Jacqueline Loelling, the reigning world champion of Germany, leads the women's skeleton competition after the first two runs in 1:43.86. She's 0.02 seconds ahead of Austria's Janine Flock, and 0.10 seconds ahead of defending gold medalist Lizzy Yarnold of Great Britain.
Yarnold is trying to make history. No woman that has ever medaled in the skeleton has ever come back to win another Olympic medal, but after Runs 1 and 2 in the women's skeleton in PyeongChang, the defending gold medalist can change that. She is in third after the first two runs and is poised to bring home her second medal, even if it's not gold.
If Austria's Flock can remain in the top three over the final two runs, she would become the first woman to win a medal for Austria in PyeongChang.
Americans katie Uhlaender and Kendall Wesenberg were 12th and 17th after Runs 1 and 2. Uhlaender, 0.77 seconds out of third, would need a miraculous second day of competition to jump into medal contention.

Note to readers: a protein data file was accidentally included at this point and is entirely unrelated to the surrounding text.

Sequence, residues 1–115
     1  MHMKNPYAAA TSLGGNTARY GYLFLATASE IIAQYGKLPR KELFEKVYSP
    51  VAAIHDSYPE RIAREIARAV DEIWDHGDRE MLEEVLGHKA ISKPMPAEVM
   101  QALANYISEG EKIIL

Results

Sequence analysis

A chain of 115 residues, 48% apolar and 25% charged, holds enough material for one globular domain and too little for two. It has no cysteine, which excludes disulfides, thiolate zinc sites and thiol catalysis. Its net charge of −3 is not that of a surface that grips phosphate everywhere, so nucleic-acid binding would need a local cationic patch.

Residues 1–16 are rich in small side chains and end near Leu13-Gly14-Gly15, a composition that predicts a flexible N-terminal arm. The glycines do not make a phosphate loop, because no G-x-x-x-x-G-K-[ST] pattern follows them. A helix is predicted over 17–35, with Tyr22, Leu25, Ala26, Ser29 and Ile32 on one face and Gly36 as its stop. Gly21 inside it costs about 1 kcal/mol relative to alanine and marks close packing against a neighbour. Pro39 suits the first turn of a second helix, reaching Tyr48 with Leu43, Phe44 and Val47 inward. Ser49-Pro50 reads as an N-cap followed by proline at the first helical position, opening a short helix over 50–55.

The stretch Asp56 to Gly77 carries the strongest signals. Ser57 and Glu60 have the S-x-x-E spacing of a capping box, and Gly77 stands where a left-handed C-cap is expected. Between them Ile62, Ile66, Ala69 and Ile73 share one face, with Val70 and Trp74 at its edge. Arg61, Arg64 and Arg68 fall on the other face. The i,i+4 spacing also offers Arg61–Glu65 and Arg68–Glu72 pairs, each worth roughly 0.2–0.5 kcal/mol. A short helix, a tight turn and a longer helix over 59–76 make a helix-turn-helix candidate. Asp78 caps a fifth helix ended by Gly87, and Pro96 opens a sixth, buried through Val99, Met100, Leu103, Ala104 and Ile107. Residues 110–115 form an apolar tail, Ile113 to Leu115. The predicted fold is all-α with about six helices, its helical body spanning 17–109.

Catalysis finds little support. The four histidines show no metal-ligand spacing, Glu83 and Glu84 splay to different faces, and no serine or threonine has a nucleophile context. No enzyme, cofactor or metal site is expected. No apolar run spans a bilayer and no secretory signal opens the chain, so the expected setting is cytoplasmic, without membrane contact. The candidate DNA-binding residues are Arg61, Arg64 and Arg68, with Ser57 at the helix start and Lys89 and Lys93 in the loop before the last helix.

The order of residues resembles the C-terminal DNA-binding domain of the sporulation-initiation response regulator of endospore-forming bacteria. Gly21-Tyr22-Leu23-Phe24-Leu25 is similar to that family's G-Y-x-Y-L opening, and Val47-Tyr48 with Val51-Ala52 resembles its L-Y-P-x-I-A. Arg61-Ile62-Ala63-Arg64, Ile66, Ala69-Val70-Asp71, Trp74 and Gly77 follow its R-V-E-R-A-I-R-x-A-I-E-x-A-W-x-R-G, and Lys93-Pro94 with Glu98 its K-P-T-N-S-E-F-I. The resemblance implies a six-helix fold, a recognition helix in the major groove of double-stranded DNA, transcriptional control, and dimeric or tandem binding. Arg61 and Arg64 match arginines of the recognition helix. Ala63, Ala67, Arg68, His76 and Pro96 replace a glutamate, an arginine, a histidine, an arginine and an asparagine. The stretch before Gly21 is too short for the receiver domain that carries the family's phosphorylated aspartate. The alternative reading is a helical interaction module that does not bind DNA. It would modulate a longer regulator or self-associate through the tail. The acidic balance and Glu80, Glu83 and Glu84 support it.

Yarnold set the track record on her first run to take the lead, but struggled on the second run. If she can finish in the top three, she would become the first woman to win a medal in back-to-back Games in the skeleton -- needless to say, she would be the first to win two consecutive golds. She's only two runs away from making history.
Uhlaender is making her fourth Olympic appearance. She was fourth in Sochi by a heartbreaking 0.04 seconds, and is looking to finish on the podium in PyeongChang. It should be noted that Sochi Bronze Medalist Elena Nikitina of Russia was stripped of her medal for doping, so Uhlaender is in line for bronze.
Her first run wasn’t what she was hoping for -- her 52.33 put her in eighth place -- but it didn’t ruin her chances at a medal. Unfortunately for Uhlaender, her second run may have. "I don't know what's going on," Uhlaender told NBC's Lewis Johnson, "but my start doesn't feel poppy today ... This was not what I was hoping for -- my training runs were going really well, I was feeling good. To be sitting in 12th place is kind of surreal."
Wesenberg, making first Olympic appearance, got off to a rough start. From the top of the hill she couldn’t find the right line and lost more and more time the further she slid down the course. She finished the run in 17th, 0.96 seconds out of medal contention, essentially ending her shot at a medal afte the first run.
The competition concludes on Saturday with Runs 3 and 4. You can watch a live stream of the conclusion of the event here.